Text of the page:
Supplements Do Not Lower Risk
A review published in The Cochrane Library has found that for well-nourished adults, taking additional selenium in the form of supplements is of no benefit for preventing heart disease. Selenium has been thought to decrease risk by protecting against oxidative stress and inflammation. It may even slightly decrease cholesterol. However, says author Saverio Stranges of Warwick Medical School at the University of Warwick (UK), there is limited evidence that the use of supplements will ultimately prevent the development of heart disease in healthy people. Selenium is a trace mineral essential for good health and found in Brazil nuts, seafood, meat and poultry, sunflower seeds, and some grains. Adults need about 55 mcg per day to meet the Recommended Dietary Allowance (RDA).
Leo Galland MD, an internist practicing in New York City, states that many Americans are deficient in magnesium, a mineral needed for the regulation and activity of more than 300 enzymes in the body. A deficiency can lead to high blood pressure, hyperactivity, heart problems and other health issues. Symptoms of a lack of magnesium include leg and foot cramps, sensitivity to loud noises, muscle twitches and spasms, and irritability. Dr Galland offers three tips for correcting this nutritional lack. Eat more nuts, vegetables and seafood and limit intake of sugar. Check with your doctor about whether you need dietary supplements. And soak in Epsom salt, as magnesium can be absorbed through the skin. Dr. Galland notes that the last tip is also a great way to relieve stress.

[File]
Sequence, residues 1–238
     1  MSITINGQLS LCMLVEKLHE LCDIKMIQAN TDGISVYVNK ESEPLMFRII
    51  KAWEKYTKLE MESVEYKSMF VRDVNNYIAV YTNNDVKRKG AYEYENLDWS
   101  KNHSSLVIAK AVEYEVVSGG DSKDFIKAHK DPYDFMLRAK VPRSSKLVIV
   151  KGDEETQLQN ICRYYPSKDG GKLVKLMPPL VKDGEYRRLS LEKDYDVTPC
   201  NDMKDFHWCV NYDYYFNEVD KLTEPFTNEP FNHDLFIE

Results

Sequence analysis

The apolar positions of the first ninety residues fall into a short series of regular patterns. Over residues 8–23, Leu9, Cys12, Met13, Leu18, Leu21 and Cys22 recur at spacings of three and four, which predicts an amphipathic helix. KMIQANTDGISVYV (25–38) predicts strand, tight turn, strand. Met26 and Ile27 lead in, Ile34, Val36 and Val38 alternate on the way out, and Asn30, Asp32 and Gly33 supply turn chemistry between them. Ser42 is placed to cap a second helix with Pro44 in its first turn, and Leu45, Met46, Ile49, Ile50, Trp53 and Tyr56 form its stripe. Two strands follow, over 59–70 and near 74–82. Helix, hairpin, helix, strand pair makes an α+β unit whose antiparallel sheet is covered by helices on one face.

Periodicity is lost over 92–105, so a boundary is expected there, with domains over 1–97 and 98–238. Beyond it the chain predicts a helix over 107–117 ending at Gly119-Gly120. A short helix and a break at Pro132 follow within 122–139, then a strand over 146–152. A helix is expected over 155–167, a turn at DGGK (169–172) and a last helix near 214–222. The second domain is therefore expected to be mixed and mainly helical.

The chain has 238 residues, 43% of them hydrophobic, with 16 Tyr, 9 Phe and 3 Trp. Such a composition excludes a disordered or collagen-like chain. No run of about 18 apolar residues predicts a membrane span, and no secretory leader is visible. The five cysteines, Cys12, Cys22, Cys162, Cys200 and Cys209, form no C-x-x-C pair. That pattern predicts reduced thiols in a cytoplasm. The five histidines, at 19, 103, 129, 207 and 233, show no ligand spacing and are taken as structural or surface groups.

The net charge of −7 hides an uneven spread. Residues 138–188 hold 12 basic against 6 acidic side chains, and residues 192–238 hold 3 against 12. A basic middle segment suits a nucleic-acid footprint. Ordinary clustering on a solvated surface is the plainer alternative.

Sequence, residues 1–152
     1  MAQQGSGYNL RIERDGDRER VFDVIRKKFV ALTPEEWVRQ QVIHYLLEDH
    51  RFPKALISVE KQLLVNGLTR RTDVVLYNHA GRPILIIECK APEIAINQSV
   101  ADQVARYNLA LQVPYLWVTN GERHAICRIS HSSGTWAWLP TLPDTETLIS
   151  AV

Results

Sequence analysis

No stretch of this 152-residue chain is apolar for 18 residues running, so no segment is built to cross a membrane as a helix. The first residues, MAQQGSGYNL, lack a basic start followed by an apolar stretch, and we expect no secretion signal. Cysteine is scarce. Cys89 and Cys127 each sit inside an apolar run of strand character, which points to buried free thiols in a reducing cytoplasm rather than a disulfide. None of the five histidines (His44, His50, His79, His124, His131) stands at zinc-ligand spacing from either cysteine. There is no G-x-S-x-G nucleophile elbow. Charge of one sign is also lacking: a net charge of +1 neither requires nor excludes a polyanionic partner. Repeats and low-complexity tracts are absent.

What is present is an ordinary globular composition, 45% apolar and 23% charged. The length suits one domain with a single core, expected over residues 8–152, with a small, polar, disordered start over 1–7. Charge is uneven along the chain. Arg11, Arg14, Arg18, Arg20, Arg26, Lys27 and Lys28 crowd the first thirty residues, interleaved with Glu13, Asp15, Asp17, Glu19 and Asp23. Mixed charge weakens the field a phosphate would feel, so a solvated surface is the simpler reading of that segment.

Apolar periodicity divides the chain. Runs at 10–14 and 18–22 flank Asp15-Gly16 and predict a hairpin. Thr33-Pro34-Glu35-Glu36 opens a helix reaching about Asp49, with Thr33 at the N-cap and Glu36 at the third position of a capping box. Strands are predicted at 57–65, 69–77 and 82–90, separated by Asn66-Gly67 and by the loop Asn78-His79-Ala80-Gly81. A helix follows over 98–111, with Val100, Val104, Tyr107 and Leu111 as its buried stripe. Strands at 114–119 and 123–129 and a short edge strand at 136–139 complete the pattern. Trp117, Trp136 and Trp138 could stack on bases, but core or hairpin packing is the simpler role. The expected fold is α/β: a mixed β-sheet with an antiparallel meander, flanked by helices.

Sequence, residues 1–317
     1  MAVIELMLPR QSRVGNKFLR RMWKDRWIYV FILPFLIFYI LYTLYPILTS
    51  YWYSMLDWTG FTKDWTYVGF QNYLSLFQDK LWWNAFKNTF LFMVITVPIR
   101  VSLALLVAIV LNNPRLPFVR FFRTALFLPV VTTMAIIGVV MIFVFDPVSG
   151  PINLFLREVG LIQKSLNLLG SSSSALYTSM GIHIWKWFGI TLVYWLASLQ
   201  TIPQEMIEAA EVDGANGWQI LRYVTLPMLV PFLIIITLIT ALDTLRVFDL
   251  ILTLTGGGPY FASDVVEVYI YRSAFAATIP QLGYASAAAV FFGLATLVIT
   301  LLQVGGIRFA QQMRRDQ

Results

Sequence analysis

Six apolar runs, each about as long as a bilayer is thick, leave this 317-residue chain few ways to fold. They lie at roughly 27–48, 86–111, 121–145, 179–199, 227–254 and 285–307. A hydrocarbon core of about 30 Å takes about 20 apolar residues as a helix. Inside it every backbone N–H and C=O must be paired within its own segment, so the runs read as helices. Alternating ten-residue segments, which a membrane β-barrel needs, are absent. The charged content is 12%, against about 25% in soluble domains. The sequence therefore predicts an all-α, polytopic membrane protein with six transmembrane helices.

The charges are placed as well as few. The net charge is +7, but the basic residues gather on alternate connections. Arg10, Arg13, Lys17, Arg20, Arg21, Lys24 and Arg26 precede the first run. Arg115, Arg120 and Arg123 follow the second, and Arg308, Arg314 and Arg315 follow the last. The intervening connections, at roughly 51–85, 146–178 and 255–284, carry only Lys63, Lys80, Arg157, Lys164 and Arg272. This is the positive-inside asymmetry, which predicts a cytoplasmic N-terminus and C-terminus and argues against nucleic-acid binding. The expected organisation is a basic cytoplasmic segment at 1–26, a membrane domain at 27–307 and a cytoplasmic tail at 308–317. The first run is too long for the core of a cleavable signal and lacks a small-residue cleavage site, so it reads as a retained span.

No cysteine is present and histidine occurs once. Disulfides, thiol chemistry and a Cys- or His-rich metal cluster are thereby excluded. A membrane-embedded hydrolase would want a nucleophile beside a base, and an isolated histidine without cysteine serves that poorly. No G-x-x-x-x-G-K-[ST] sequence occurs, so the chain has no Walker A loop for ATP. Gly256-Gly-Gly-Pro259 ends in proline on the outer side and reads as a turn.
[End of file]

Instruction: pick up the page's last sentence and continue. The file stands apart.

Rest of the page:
Might Help a Poor Diet
Researchers publishing in the Canadian Journal of Physiology and Pharmacology (CJPP) have reported that taking multivitamin-mineral supplements may help reduce the risk of colon cancer. Rats that were fed high-fat, low-fiber diets, a known risk factor for cancer, were divided into six groups and exposed to different combinations of dietary supplements and carcinogens. The carcinogenesis induced in the study rats mimicked that of human colon cancer. Those animals that received a multivitamin showed a significant (84 percent) reduction in the formation of pre-cancerous lesions and did not develop tumors. The authors suggest that the nutrients provided in the supplements contribute a chemoprotective effect.
Supplements Not Recommended
High doses of the mineral selenium may help to slightly lower cholesterol levels according to research conducted by Johns Hopkins Bloomberg School of Public Health. A study of 500 UK adults found that those taking 100 and 200 micrograms of selenium daily (the RDA for US adults is set at 55 micrograms by the Institute of Medicine) helped to lower total cholesterol by an average of 8.5 mg/dL and 9.7 mg/dL respectively compared to a group taking a placebo. But taking supplements is still not recommended due to the possible risks, such as an increase in diabetes. Americans get plenty of selenium in their daily diet, as foods such as meat, bread and some nuts are rich in the mineral. The study is published in the Annals of Internal Medicine.